The credit outlook for the Indian banking system remains negative because of poor asset qualities and rising problem loans, according to global rating agency Moody’s.
“The fundamental credit outlook for the Indian banking system remains negative, having changed from stable in January 2009,” said Moody’s Investors Service division in its new Banking System Outlook on India report released Monday.
According to it, this reflected “the challenging economic conditions and rising levels of problem loans and the resulting adverse implications for asset quality”.
“Our main concern about the Indian banking system is the deteriorating asset quality and the volume of restructured loans,” said Moody’s vice president and senior analyst Nondas Nicolaides.
Last fiscal, Nicolaides said, the absolute level of gross non-performing loans (NPLs) for Indian commercial banks increased 22.5 percent compared to about 12 percent the year before.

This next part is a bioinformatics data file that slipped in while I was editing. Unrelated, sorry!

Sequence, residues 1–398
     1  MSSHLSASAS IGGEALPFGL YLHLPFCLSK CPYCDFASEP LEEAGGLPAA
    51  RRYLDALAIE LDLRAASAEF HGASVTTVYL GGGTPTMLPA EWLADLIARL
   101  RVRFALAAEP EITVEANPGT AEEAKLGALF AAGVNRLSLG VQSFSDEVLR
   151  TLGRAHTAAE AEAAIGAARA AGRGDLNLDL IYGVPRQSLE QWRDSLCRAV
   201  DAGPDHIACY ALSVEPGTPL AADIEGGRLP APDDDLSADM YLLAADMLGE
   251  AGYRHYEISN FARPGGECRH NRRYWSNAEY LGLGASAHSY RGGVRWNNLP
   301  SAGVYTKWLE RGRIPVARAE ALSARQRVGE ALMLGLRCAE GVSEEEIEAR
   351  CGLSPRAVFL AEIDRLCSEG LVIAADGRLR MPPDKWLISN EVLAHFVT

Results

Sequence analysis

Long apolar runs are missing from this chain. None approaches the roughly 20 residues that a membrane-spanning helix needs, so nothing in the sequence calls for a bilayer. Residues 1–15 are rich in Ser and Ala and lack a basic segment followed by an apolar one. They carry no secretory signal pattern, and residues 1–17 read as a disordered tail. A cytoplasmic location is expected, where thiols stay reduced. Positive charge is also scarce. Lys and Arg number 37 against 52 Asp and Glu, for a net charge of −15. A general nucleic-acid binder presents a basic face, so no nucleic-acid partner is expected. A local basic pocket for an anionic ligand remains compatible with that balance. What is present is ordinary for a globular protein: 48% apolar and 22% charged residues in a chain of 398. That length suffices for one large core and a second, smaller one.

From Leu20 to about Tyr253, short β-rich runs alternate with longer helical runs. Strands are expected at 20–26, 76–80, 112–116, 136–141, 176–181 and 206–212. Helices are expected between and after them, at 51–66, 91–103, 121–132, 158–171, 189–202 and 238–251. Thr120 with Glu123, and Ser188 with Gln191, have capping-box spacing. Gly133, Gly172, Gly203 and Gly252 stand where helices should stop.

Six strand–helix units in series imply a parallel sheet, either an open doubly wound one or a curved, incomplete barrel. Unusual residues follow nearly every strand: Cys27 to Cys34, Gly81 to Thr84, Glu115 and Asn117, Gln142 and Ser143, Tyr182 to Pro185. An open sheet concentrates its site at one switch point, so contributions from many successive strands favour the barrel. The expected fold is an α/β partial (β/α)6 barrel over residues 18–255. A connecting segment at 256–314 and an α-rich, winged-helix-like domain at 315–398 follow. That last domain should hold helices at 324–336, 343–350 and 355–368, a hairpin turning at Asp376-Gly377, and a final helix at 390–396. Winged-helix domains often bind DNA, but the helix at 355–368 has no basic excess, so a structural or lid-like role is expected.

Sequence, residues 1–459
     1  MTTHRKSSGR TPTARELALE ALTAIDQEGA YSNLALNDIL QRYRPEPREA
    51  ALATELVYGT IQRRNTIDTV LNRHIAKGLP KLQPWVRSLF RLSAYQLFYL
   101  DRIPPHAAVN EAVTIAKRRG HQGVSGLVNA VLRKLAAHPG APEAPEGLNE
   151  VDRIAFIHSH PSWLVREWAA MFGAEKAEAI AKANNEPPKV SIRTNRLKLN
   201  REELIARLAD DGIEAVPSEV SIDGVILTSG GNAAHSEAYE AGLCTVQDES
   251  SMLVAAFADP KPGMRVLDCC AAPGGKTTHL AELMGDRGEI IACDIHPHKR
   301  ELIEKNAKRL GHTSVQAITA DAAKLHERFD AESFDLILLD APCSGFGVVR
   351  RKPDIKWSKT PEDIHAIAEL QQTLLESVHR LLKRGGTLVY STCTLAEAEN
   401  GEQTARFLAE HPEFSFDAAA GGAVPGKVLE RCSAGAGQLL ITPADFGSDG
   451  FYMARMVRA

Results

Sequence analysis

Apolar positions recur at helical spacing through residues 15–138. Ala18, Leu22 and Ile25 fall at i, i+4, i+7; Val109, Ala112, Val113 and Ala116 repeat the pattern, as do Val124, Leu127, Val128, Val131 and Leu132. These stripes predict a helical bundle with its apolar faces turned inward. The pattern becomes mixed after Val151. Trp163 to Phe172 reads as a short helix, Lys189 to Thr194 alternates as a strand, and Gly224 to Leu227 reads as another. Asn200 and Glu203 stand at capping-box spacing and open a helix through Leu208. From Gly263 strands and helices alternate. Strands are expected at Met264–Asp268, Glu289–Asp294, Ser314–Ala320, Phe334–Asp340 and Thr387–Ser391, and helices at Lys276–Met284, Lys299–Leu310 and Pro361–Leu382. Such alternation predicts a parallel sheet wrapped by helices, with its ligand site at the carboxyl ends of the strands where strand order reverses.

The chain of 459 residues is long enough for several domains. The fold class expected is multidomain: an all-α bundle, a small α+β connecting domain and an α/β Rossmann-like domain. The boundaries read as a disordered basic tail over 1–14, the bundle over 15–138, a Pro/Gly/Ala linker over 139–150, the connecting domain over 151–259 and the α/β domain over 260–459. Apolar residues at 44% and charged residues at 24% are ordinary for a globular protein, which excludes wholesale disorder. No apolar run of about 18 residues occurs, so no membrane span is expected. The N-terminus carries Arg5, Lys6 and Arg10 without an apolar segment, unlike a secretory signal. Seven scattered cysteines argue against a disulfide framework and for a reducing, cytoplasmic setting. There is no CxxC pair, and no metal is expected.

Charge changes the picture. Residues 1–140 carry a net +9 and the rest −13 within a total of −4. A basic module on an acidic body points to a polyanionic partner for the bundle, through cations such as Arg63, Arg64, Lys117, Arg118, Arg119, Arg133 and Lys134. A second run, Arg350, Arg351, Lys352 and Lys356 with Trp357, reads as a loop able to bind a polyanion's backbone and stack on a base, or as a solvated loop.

“Although the NPL expansion must be seen in the context of the problems faced by banks globally over the past couple of years, the rapid expansion of retail lending in recent years, combined with the slowdown of the Indian economy, has led to increased delinquency rates, especially for unsecured retail loans.”
Moody’s, however, said the profitability of commercial banks has improved in recent years with core income benefiting from the high lending environment and net interest income rising.
At the same time, it said, banks’ profits could be affected in the short term by the central bank’s recent requirement that they increase their NPL provision cover ratio to at least 70 percent by September 2010.
“In particular, more diversified earnings profiles will act as positive drivers for bank financial strength ratings,” Nicolaides added.